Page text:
Except for flushinp, routines that return an integer re-
turn ERR upon failure and OK (SVr4 specifies only "an in-
teger value other than ERR") upon successful completion.
Routines that return pointers return NULL on error.
X/Open does not define any error conditions. In this im-
returns an error if the terminal was not initial-
meta returns an error if the terminal was not initial-
returns an error if the associated fwrite calls
return an error.
The XSI Curses standard, Issue 4 describes these func-
tions. It states that unctrl and wunctrl will return a
null pointer if unsuccessful, but does not define any er-
ror conditions. This implementation checks for three cas-
- the parameter is a 7-bit US-ASCII code. This
is the case that X/Open Curses documented.
- the parameter is in the range 128-159, i.e., a
C1 control code. If use_legacy_coding has
been called with a 2 parameter, unctrl returns
the parameter, i.e., a one-character string
with the parameter as the first character.
Otherwise, it returns ``~@'', ``~A'', etc.,
analogous to ``^@'', ``^A'', C0 controls.
X/Open Curses does not document whether unctrl
can be called before initializing curses.
This implementation permits that, and returns
the ``~@'', etc., values in that case.
- parameter values outside the 0 to 255 range.
unctrl returns a null pointer.
The SVr4 documentation describes the action of filter only
in the vaguest terms. The description here is adapted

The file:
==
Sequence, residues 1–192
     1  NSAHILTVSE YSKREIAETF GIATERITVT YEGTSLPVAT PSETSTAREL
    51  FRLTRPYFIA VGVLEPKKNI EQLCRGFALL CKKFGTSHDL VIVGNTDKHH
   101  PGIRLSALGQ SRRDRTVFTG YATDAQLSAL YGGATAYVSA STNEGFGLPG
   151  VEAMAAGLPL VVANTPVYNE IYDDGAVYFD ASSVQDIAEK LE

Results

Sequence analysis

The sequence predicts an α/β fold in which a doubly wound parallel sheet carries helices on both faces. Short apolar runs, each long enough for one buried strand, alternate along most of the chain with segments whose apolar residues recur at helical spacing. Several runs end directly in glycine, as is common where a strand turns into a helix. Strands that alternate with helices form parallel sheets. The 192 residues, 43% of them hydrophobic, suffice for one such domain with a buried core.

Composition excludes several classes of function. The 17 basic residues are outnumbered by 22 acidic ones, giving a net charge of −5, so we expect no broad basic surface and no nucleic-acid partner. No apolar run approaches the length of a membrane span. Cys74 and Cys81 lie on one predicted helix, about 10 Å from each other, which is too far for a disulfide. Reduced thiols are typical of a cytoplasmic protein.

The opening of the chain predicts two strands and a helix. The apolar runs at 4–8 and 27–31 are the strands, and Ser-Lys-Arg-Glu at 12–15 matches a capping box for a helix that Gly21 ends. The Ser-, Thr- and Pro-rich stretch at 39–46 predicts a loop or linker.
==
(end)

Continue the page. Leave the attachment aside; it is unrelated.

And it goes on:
from the XSI Curses standard (which erroneously fails to
describe the disabling of cuu).
The strings returned by unctrl in this implementation are
determined at compile time, showing C1 controls from the
upper-128 codes with a `~' prefix rather than `^'. Other
implementations have different conventions. For example,
they may show both sets of control characters with `^',
and strip the parameter to 7 bits. Or they may ignore C1
controls and treat all of the upper-128 codes as print-
able. This implementation uses 8 bits but does not modify
the string to reflect locale. The use_legacy_coding func-
tion allows the caller to change the output of unctrl.
Likewise, the meta function allows the caller to change
the output of keyname, i.e., it determines whether to use
the `M-' prefix for ``meta'' keys (codes in the range 128
to 255). Both use_legacy_coding and meta succeed only af-
ter curses is initialized. X/Open Curses does not docu-
ment the treatment of codes 128 to 159. When treating
them as ``meta'' keys (or if keyname is called before ini-
tializing curses), this implementation returns strings
``M-^@'', ``M-^A'', etc.
The keyname function may return the names of user-defined
string capabilities which are defined in the terminfo en-
try via the -x option of tic. This implementation auto-
matically assigns at run-time keycodes to user-defined
strings which begin with "k". The keycodes start at
KEY_MAX, but are not guaranteed to be the same value for
different runs because user-defined codes are merged from
all terminal descriptions which have been loaded. The
use_extended_names function controls whether this data is
loaded when the terminal description is read by the li-
The nofilter routine is specific to ncurses. It was not
supported on Version 7, BSD or System V implementations.
It is recommended that any code depending on ncurses ex-
tensions be conditioned using NCURSES_VERSION.
legacy_coding(3x), curses(3x), curs_initscr(3x), curs_ker-
nel(3x), curs_scr_dump(3x), legacy_coding(3x).
Man(1) output converted with